Ringgit outlook is mixed amid fresh MCO, dollar strength


THE ringgit is expected to show a mixed outlook as local Covid-19 cases surge leading to the reimplementation of Movement Control Order (MCO) in the country beginning tomorrow.

Bank Islam Malaysia Bhd chief economist Dr Mohd Afzanizam said the immediate outlook on ringgit is quite mixed as the resurgence of Covid-19 sees the movement restriction in the Federal Territories and five states.

Putrajaya’s move comes as the UK government instituted a lockdown while Japan has announced a state of emergency.

He added that the rollout of vaccines should indeed be able to curb the pandemic spread perhaps in the second half of the year (2H21).

Mohd Afzanizam also said the US dollar index has gone up to more than 90 points, suggesting a risk-off mode may remerge.

“The latest US non-farm payrolls for December which fell by 140,000 was also taken by surprise, implying there is always a speed bump along the road to economic recovery.

“The prevailing domestic political landscape would also weigh on investor sentiment. Therefore, the ringgit/US dollar should stay cautious this week,” he said.

He added that the incoming President Joe Biden would have more leeway to prescribe a larger economic stimulus going forward.

Meanwhile, FXTM market analyst Han Tan said the ringgit could make another attempt to break below the psychologically important 4.00 level, provided the risk-on sentiment remains intact.

“However, should the dollar extend its rebound or if domestic political risks are ramped up, then US dollar/ringgit may mark a return to the 4.05 resistance level once more,” he stated in a recent note.

Tan added that the surge in oil prices following Saudi Arabia’s shocking supply cut announcement was unable to stem the ringgit’s declines as the greenback enjoyed some reprieve in the latter half of the week.

From a technical perspective, he said the pullback in US dollar/ringgit is deemed healthy as it brings the currency pair away from oversold levels. However, the overall downtrend for US dollar/ringgit remains intact.

“The greenback is expected to continue exploring more of its downside in the aftermath of the ‘blue wave’, which should allow Asian currencies to pursue multiyear highs,” he noted.

Now that the dust is settling on the 2020 US election cycle, Tan said investors are raising their expectations that the incoming Biden administration, along with the Democrat-controlled Congress, will roll out more fiscal stimulus for the US economy.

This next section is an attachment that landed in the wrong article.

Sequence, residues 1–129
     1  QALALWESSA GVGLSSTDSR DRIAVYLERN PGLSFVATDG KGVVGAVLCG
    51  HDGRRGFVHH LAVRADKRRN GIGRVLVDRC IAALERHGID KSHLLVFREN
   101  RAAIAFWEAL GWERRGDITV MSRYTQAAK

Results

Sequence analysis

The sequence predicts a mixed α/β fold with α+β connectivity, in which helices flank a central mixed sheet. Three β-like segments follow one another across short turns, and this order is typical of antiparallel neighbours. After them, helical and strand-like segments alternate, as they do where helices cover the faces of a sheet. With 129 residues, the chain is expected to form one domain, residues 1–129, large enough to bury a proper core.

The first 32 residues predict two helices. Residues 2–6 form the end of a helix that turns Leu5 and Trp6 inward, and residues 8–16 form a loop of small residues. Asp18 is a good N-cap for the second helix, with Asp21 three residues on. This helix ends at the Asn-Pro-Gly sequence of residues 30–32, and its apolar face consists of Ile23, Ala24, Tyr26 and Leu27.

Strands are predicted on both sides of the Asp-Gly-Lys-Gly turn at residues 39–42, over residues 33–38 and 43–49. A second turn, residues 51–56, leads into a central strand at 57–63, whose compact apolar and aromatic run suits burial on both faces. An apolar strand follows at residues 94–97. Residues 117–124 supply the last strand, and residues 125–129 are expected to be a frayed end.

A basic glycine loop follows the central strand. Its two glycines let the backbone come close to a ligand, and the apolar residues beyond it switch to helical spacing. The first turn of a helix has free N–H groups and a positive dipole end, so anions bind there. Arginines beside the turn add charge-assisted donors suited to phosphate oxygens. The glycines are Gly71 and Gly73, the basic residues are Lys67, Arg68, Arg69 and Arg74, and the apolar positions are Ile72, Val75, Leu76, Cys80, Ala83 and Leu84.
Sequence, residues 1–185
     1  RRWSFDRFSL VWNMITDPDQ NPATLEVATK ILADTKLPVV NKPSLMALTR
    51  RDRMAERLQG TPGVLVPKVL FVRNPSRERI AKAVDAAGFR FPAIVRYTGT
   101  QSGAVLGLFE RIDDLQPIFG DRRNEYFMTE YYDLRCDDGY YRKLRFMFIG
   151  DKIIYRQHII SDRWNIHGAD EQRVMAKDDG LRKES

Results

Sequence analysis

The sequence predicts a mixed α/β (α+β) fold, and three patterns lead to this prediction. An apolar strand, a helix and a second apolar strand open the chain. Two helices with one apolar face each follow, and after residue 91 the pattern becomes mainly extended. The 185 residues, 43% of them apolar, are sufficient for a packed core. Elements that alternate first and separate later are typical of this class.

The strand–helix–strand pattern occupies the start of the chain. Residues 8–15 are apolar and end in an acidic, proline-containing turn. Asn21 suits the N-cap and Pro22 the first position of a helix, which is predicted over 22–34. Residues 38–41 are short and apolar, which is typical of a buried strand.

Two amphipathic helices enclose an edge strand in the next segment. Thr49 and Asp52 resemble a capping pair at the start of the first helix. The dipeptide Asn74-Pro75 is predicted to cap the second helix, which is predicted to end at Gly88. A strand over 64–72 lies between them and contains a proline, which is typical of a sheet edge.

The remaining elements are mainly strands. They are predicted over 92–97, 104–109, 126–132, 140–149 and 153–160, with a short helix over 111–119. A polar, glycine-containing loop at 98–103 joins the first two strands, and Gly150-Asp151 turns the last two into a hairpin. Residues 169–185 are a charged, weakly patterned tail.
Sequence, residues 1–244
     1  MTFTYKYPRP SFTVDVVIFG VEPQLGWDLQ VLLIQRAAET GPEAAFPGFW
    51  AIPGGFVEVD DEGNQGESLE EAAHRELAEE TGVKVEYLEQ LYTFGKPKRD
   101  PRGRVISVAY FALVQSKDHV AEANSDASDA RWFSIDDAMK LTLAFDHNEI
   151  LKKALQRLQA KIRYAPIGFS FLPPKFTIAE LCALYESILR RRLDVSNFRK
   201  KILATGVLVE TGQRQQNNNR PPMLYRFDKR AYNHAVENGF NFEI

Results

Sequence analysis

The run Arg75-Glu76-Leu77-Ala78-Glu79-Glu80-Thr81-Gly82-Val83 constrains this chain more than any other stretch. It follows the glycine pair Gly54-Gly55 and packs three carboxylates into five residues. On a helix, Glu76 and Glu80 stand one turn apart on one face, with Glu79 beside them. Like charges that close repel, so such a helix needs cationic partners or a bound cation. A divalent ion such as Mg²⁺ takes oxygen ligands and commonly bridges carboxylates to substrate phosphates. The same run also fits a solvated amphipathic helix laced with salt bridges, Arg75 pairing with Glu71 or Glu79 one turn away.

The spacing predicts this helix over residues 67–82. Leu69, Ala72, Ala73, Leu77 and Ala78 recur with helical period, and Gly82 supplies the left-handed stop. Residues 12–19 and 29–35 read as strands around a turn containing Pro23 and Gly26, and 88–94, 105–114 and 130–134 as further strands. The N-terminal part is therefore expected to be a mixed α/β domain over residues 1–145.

He emphasised that such a narrative is forming the basis for any investment decisions over the medium term, which is expected to translate into more upside for global stocks and more dollar weakness.

Tan said the currency market will be relying on US Federal Reserve (Fed) officials for any potential clues as to when they might ease back on their asset purchasing programme.

He added that such cues may prompt gyrations across broad asset classes, including the dollar and the wider foreign-exchange universe.

“Developments surrounding the global pandemic may continue having a major say in the global financial markets, especially if things take a significant turn for the worse,” he said.

AxiCorp Financial Services Pte Ltd chief global market strategist Stephen Innes said the inflationary rise in nominal yields in the US could be a precursor to a shift in the Fed policy, which is the primary key for the US dollar.

“The US dollar and the pivoting view on growth differentials that could see the US economy recover quicker than Europe in particular as Biden aggressively pushes vaccination efforts and will achieve herd immunity early,” said Innes.

He added that the market expects the broad US dollars momentum to extend even though the rising 10-year yield differential is leaning in US dollar favour.

Innes also said a stronger dollar could drag the ringgit despite higher oil prices.